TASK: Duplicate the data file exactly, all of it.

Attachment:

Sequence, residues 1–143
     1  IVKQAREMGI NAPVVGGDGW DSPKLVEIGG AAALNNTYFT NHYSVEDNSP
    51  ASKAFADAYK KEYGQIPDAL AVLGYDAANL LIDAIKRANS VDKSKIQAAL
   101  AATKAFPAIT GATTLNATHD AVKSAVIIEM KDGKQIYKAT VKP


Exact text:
Sequence, residues 1–143
     1  IVKQAREMGI NAPVVGGDGW DSPKLVEIGG AAALNNTYFT NHYSVEDNSP
    51  ASKAFADAYK KEYGQIPDAL AVLGYDAANL LIDAIKRANS VDKSKIQAAL
   101  AATKAFPAIT GATTLNATHD AVKSAVIIEM KDGKQIYKAT VKP